(image via Salty Brine’s Living Record Collection / Facebook)

How Strange It Is
Wednesday, February 7 at Pangea, 7:30 pm: $20 advance, $25 doors

You may have first caught wind of this show back in 2016, when it happened at small East Village venue the Red Room. Whether you did or not, Salty Brine’s cabaret that uniquely puts Neutral Milk Hotel’s In The Aeroplane Over The Sea in a WWII setting has been enjoying an encore run at nearby spot Pangea for the past few weeks. The show is part of his longtime “Living Record Collection” project, in which he performs notable albums in their entirety with a conceptual twist. Past endeavors have included a German cabaret Abbey Road, a Prohibition-era She’s So Unusual, and a sentimental, seafaring rendition of Joni Mitchell’s Blue. Tonight will be the last night of this particular creation, so don’t be a “fool” (ha ha, get it, because that is one of the song titles) and get over there.


(image via The Flea / Facebook)

Thursday, February 8 at The Flea, 11 pm: $12

Usually, when you see a play, there is only one play. There is no sequel, unless you count revivals, which you shouldn’t, because they aren’t sequels. However, there is one place that you can actually come back to and see a continuation of the same theatrical tale, and that’s Serials at The Flea. Each cycle has five ten-minute plays. The three most popular will return with new installments the following week, and the two that ended up at the bottom of the barrel won’t get eliminated entirely, but their writers must write totally new ideas instead. To add to the fun of this late-night theatrical romp, each ticket comes with a free beer. So uh, beer there or beer square?


(poster by Drew Price / via Facebook)

Edy Presents: My Butt Smell Like Shit
Friday, February 9 at Cloud City, 8 pm: $5

Typically, when one sees a show bearing such a title as this, they may be tempted to find some other plans for the night, or maybe an air freshener or two. Honestly, there are not many performers that make adolescent riffs about bodily functions actually fun, but Edy Modica is definitely one of the few that do. From watching her embody an alien trapped in a horrifying human flesh sac to observing her do stand-up as (and from) her own literal butt, there is rarely a dull moment with Edy. If all this sounds intriguing to you, trot on over to her one-woman show at Williamsburg’s Cloud City, full of performances, cartoons, guest stars, audience interaction, an opening set by Francesca d’Uva, and of course, butts.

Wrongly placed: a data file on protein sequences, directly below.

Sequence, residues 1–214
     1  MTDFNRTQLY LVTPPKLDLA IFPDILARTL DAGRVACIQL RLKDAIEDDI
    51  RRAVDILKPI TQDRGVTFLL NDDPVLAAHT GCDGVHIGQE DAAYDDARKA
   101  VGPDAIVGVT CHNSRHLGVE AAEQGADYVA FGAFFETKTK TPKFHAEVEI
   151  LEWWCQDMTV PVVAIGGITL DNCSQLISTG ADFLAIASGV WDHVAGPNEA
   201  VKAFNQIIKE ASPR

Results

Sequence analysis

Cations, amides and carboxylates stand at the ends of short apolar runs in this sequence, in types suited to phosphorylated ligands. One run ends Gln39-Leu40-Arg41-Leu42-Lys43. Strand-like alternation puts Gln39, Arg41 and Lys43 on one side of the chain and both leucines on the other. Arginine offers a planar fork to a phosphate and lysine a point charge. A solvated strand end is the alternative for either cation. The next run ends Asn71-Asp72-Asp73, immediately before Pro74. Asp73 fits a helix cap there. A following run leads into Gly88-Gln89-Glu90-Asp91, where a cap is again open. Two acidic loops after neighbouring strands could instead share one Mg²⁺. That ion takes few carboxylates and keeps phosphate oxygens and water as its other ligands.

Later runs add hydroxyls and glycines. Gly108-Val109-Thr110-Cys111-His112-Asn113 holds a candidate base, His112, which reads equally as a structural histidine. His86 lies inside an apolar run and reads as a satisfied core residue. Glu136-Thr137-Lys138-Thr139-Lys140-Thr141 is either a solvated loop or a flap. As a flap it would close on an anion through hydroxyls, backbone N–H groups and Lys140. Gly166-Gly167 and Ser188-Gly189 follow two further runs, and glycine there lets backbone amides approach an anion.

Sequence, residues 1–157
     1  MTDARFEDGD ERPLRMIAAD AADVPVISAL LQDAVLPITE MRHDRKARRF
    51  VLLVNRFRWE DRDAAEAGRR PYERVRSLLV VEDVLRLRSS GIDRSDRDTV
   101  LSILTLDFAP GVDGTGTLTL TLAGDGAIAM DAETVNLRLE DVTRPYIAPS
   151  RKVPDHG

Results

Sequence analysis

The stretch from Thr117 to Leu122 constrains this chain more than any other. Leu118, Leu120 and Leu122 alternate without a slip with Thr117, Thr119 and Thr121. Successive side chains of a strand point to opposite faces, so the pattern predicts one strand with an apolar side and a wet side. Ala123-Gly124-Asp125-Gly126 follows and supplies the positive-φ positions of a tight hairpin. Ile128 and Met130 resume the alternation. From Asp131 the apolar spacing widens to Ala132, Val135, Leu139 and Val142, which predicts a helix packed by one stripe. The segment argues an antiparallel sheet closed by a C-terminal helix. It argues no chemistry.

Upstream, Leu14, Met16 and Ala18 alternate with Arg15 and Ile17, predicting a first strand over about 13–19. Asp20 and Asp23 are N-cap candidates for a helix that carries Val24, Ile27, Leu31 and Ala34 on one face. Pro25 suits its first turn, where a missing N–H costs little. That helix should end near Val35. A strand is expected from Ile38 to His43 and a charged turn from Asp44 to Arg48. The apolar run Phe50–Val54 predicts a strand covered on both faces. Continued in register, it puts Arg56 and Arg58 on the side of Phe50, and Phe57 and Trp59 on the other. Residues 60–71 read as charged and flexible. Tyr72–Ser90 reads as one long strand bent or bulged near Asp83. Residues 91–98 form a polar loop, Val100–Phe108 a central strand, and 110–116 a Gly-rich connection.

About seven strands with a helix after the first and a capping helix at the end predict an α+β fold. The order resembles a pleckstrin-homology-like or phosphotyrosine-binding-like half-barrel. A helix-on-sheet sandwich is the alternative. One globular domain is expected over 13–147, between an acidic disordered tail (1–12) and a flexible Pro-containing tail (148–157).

(image via National Sawdust / Facebook)

Unboxing The Compass
Saturday, February 10 at National Sawdust, 7 pm: $12 advance, $15 doors

Sarah Kinlaw is an artist of many abilities: she directs large-scale immersive performances, she choreographs colorful music videos, she co-runs Bushwick’s Otion Front Studio, she creates and performs her own music, and more. Her latest endeavor Unboxing The Compass combines several of these sensibilities, specifically choreography, directing, music, and performance. The work, which focuses on the potential synchronicity of bodies and was inspired by memory theater, “began as a therapeutic exercise in coping with panic.” So, next time you have to do deep breathing to stop that buzzing feeling in your head and feeling of inexplicable dread that just won’t seem to leave you alone, perhaps also consider what you can create with it.


(image via Ground Floor Comedy / Facebook)

Desks: A Reading Series
Sunday, February 11 at The Corners, 8 pm: FREE

There are a lot of stand-up shows out there. And I mean a lot. But that doesn’t have to be the only way comedy is showcased. The folks at Ground Floor Comedy know this, which is why their new monthly reading series, Desks, at Bed-Stuy bar The Corners has absolutely zero stand-up! Simply none at all. Can you believe it? Instead, they’ve rounded up a fine variety of folks (specifically Steph Cook, Maria Del Russo, Steven Markow, and Carrie Wittmer) who will be sharing their writing. Some of it will be funny, some of it will not be. But by George, it will be written down, and then read aloud. If the thought of this just gets you goin’, but you are not any of the people asked to be on the show, fret not. There will be an “open mic for written work” after the booked sets, and one lucky performer will get their piece shared in the following Ground Floor Comedy newsletter.